Memoirs are about recounting and processing different of life. I appreciate that L’Engle has four different memoirs that are themed. I do not know of any other author that has done this. The first is about being a writer, mother, teacher and creative person. The second is about her own mother and the grief she feels at her decline. The third is about her faith using the liturgical year and a method of organizing.
And Two-Part Invention is about her marriage to Hugh. All of these books are really about Madeleine of course. But we are created by our interactions and integration with others. Marriage impacts us because it is a relationship of choice that at its best is for a lifetime.
There is a lot of background on Madeleine before her marriage. And the years between meeting Hugh and the current story she is telling. The story main story is about Hugh’s dying. I suppose that is a spoiler, but he died over 30 years ago. It is a remembrance and dealing with grief. Marriage, when not interrupted through divorce, is ultimately interrupted by death. That is the normal way of life.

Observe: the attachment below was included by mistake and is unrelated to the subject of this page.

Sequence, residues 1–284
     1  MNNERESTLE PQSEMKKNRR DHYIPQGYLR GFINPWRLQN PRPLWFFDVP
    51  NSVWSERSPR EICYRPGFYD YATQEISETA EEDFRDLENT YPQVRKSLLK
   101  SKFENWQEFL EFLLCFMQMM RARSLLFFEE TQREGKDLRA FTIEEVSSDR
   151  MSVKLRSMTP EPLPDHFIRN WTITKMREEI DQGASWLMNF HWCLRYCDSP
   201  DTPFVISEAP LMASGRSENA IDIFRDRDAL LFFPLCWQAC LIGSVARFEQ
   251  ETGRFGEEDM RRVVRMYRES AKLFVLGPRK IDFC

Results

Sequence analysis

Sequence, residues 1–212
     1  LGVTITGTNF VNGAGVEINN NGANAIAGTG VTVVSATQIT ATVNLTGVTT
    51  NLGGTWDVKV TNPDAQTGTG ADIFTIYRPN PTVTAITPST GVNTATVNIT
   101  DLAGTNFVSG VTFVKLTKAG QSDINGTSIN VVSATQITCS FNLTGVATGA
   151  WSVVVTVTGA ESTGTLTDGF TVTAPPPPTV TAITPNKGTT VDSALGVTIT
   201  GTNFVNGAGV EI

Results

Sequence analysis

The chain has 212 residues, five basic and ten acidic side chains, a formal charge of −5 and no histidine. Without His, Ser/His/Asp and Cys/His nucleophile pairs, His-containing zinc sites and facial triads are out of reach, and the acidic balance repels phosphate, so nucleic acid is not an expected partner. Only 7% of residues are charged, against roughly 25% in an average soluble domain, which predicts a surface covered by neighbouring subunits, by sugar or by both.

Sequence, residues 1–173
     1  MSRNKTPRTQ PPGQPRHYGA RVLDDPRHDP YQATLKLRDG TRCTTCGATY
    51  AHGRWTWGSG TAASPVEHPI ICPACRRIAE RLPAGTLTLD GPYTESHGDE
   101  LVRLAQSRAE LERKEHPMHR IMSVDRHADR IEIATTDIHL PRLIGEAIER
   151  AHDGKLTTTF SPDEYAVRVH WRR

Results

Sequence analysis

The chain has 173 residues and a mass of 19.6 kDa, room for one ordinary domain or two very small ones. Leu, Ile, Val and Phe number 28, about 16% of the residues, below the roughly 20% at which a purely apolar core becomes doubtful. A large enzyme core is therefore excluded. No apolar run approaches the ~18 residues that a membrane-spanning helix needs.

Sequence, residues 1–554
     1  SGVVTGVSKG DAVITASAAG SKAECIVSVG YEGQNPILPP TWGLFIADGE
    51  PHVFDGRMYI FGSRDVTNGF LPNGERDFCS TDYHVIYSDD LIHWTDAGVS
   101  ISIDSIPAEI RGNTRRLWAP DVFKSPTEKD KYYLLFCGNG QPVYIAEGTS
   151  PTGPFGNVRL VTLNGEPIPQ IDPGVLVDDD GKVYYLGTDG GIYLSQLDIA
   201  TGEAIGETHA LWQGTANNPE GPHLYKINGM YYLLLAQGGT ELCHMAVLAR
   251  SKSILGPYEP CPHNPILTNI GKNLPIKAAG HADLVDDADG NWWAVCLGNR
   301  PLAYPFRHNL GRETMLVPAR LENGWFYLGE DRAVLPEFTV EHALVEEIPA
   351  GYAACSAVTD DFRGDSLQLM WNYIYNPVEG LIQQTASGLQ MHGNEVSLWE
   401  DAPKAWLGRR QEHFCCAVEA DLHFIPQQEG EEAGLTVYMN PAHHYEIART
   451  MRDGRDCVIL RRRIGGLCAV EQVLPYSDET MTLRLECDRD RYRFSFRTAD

The death matters because in some ways this is reminiscent of CS Lewis’ A Grief Observed. The grief here is a bit more distant. It isn’t quite as much raw pain as Lewis’, but the pain at the end is real. The love all along the path of the story of their marriage matters in large part because of the death means that the marriage has an end.
I continue to appreciate this series of memoirs for its wisdom and its insight into not just L’Engle’s life, but the broader human condition as well.